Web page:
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Russia hails CFE Treaty conference plan

MOSCOW, September 14 (RIA Novosti) - Russia welcomes Germany's initiative to hold an international conference on the future of the Treaty on Conventional Armed Forces in Europe (CFE) in October, a Foreign Ministry official said Friday.

"We approve of the idea of conducting an international conference on the CFE Treaty in October," said Boris Malakhov, deputy director of the Information and Press Department.

He said the conference will be "a continuation of the conversation held at the CFE emergency conference," which took place in Vienna June 12 through 15.

The idea of a CFE conference in Berlin was put forward a few days ago by German Foreign Minister Walter Steinmeier, who expressed concern about the future of the CFE Treaty, which Russia intends to quit.

On July 14, Russian President Vladimir Putin declared a moratorium on the CFE Treaty, which limits Russian and NATO conventional forces and heavy weaponry from the Atlantic to the Urals. No NATO countries have ratified the treaty's amended version.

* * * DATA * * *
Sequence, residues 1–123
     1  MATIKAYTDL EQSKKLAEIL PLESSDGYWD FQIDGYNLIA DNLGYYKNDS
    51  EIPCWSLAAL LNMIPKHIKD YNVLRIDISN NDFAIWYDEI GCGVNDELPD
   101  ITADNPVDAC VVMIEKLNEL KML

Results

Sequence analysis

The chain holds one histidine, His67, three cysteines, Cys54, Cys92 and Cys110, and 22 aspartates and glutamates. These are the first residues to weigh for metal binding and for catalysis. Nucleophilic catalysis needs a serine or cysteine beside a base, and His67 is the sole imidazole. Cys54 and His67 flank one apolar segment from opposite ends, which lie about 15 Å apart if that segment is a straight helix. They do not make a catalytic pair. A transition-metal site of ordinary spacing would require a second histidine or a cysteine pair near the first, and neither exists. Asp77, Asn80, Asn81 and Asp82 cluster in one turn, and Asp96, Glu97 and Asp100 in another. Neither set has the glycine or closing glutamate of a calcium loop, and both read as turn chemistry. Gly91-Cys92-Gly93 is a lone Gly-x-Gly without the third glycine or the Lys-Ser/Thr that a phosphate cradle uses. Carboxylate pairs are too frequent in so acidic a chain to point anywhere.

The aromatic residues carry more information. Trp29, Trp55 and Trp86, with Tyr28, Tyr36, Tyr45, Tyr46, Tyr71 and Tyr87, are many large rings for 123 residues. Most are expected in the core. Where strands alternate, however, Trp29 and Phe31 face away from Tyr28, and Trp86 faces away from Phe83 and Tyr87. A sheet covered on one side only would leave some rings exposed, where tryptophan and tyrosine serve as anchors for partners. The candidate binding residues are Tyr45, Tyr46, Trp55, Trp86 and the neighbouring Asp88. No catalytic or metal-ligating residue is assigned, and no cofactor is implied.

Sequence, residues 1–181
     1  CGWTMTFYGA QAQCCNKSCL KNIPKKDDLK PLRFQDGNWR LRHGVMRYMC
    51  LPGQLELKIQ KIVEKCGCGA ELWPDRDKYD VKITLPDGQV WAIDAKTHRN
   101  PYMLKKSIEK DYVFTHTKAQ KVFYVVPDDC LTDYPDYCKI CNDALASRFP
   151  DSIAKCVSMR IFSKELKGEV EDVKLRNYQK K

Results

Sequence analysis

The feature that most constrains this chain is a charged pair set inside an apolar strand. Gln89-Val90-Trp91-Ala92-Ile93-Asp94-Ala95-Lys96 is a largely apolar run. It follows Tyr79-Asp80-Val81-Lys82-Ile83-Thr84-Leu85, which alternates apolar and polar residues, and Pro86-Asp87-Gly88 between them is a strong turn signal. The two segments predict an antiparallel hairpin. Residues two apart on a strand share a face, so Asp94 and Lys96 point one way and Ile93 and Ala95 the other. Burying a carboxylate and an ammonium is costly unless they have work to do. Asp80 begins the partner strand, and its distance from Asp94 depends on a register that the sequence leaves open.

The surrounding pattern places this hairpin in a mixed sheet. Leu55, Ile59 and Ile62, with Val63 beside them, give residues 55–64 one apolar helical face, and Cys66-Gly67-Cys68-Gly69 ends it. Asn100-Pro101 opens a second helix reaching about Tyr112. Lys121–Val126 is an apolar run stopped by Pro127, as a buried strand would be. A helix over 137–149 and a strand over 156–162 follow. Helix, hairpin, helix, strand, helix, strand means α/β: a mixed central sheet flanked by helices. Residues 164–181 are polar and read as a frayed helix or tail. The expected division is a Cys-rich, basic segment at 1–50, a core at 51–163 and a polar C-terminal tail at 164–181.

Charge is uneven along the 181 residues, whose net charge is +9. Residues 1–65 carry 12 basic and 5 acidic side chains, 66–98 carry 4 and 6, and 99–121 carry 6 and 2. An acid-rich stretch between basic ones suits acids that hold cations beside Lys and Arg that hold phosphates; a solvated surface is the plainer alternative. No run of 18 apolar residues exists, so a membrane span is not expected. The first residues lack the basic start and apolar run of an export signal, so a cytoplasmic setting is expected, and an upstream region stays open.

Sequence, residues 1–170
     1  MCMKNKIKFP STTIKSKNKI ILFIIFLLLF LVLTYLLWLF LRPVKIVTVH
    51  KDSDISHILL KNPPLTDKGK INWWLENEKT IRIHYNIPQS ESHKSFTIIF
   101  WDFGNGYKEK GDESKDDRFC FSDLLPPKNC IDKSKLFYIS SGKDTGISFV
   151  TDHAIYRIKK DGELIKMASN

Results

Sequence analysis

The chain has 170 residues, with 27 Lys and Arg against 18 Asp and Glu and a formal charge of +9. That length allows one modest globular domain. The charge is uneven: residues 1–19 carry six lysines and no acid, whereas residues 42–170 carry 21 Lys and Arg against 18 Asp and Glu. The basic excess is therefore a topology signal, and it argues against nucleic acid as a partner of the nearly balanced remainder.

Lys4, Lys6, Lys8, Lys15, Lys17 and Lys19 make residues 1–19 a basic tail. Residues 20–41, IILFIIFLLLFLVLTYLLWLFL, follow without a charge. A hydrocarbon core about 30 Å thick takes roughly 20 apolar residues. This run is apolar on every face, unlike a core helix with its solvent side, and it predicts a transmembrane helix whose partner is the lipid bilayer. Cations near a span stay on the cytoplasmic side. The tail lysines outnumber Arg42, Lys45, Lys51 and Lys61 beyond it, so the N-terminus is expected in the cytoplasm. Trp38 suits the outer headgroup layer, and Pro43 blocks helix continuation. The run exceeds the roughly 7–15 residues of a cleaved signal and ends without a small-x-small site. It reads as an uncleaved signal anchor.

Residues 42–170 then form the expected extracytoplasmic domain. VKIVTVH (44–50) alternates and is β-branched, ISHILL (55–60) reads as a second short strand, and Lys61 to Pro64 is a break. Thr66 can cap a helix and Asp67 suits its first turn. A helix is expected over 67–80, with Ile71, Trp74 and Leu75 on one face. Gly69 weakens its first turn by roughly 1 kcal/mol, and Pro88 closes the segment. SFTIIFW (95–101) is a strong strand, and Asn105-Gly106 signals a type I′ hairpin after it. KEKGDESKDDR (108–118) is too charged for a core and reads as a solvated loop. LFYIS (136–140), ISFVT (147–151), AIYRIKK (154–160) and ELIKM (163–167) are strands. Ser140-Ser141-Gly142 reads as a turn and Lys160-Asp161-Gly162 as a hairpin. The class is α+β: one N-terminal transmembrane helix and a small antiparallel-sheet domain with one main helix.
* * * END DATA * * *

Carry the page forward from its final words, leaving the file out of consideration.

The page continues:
The moratorium is to come into force later this year if the West does not ratify the treaty.

The president's announcement came after a tense conference in Vienna, where NATO member states refused to ratify the amended CFE Treaty until Russia fully withdraws its troops from Georgia and Moldova, a commitment given by the late President Boris Yeltsin in Istanbul in 1999.

The CFE Treaty was amended in 1999 in Istanbul in line with post-Cold War realities, and has so far only been ratified by Russia, Kazakhstan, Belarus and Ukraine.

Moscow considers the original CFE Treaty, signed in 1990 by 30 countries to reduce conventional military forces on the continent, outdated since it does not reflect the dissolution of the Warsaw Pact, the breakup of the Soviet Union, or recent NATO expansion.

Moldova and Georgia have refused to ratify the treaty until Russia withdraws its troops from their territories.

Russia maintains a peacekeeping contingent in Georgia and a battalion guarding ex-Soviet ammunition depots in the self-proclaimed republic of Transdnestr, in Moldova.

NATO countries have insisted on Russia's withdrawal from Transdnestr and other post-Soviet regions as a condition for their ratifying the CFE Treaty. NATO's reluctance to ratify the re-drafted pact is a key source of tension between Russia and the Western security alliance.